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When you’re taking stock of what you’ve accomplished, it’s easy—and understandable—to get wrapped up in what you haven’t done or want to do better. You have to remember to recognize wins big and small, though, to keep yourself motivated. The balance between positive and negative as it relates to productivity is delicate, but you do always need to take breaks, do things you enjoy, and remember that you’re getting things done, even during stressful times. That’s why you should try creating a “jar of awesome.” 

What is a “jar of awesome?” 

The “jar of awesome” idea comes from Tim Ferriss’ Tools of Titans: The Tactics, Routines, and Habits of Billionaires, Icons, and World-Class Performers and it’s been popular for some time. Essentially, Ferriss recommends writing your wins down as they occur and putting the slips of paper into a jar. When you need a motivational boost, you can read through them. Visually, the jar even shows you just how much you have accomplished lately. 

The idea is to help you focus not just on everything that needs to get done, but on what you’ve already done. It’s similar to keeping an accomplishment journal or updating your resume annually, even when you’re not job-hunting, in that it both motivates you and creates a record of your work. If you’re ever called into a surprise meeting about your work or have a review looming, you already have a list of your accomplishments ready to go.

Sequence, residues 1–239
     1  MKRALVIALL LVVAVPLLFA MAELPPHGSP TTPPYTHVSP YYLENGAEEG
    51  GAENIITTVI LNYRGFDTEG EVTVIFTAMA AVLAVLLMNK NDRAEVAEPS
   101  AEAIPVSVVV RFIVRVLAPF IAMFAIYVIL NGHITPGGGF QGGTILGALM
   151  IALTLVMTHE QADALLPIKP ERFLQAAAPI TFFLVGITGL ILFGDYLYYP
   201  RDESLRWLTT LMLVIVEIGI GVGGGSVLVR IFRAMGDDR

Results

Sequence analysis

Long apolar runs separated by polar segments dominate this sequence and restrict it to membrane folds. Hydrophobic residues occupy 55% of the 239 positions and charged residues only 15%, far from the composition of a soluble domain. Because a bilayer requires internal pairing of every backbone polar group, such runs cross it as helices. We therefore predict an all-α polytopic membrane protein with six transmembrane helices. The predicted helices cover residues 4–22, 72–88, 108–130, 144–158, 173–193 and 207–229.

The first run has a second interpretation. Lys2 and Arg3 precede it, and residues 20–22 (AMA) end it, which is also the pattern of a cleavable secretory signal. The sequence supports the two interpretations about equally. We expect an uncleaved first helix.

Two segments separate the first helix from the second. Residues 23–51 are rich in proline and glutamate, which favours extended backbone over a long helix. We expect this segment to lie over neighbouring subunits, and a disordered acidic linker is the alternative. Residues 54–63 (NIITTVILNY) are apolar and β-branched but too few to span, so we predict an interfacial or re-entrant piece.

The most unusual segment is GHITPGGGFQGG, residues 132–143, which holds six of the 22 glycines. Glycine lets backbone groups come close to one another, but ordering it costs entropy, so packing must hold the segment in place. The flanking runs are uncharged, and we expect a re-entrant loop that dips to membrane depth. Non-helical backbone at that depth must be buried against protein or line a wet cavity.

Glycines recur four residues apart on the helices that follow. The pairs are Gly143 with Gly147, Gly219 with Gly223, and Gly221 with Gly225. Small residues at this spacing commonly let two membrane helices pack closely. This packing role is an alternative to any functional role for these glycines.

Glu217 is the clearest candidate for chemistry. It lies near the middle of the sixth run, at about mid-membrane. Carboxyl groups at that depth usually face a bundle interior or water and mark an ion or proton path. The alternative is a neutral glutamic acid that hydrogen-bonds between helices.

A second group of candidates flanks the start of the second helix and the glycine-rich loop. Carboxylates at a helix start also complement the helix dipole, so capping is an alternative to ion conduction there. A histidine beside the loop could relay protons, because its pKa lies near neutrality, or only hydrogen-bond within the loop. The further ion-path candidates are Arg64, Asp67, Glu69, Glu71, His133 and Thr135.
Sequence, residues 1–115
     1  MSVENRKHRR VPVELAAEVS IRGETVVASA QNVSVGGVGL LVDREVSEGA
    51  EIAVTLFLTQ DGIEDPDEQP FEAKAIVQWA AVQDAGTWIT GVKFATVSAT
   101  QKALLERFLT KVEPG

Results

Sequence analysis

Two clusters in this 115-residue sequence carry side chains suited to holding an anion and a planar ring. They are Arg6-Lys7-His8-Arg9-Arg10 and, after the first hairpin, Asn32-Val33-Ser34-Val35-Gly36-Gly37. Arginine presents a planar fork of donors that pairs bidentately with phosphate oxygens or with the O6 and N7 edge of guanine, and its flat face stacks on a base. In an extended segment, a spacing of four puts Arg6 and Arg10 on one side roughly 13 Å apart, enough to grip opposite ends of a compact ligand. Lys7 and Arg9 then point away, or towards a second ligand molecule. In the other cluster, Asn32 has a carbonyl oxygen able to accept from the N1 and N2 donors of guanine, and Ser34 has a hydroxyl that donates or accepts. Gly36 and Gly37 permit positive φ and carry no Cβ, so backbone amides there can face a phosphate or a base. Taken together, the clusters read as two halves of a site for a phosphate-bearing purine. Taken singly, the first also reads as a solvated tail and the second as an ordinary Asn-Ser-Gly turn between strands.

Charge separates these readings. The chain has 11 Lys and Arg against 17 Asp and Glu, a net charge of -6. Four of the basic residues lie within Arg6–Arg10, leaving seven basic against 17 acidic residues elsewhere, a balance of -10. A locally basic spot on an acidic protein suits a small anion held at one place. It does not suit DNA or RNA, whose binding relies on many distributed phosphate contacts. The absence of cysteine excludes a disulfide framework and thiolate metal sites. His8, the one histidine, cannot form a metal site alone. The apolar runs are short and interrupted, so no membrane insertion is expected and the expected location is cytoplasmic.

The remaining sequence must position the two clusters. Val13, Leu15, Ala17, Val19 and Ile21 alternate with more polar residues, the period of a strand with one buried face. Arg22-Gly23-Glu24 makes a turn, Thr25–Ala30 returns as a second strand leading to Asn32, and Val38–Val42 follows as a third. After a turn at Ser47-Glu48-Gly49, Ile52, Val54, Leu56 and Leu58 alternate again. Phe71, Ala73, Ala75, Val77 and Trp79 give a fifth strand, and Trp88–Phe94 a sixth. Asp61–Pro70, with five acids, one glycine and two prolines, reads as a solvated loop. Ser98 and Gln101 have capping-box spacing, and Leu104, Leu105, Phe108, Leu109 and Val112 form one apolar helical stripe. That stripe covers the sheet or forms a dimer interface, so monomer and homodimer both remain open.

Ways to create your own “jar of awesome” 

Actually filling a jar with little scraps of paper is a touch twee and may not be that easy to keep up with when our lifestyles are so increasingly digital. There are plenty of ways to create a “jar” of awesome that don’t involve making your desk look like a Pinterest-inspired 2013 wedding. Try leaving a page or two dedicated to tracking wins in the back of your planner or creating a designated note on your phone. Create a single source of truth (SSOT) or a file on your computer or drive, dedicated to compiling your list of wins and supporting documentation. 

However you decide to do it, make sure all of the successes are listed somewhere together so the list grows visually. Just glancing at it can be a motivational push, to say nothing of reading through it all. Finally, don’t second-guess yourself when you want to add something. If you picked up the dry cleaning on a stressful day, got all the kids out of the house on time in the morning, or responded to all your emails by the end of the day and it felt good, throw it in. Just because it might seem small in comparison to a big looming project deadline doesn’t mean it wasn’t a win to get it done, so into the jar it goes. The goal is to keep track of just how much you really do accomplish, so don’t leave anything out.

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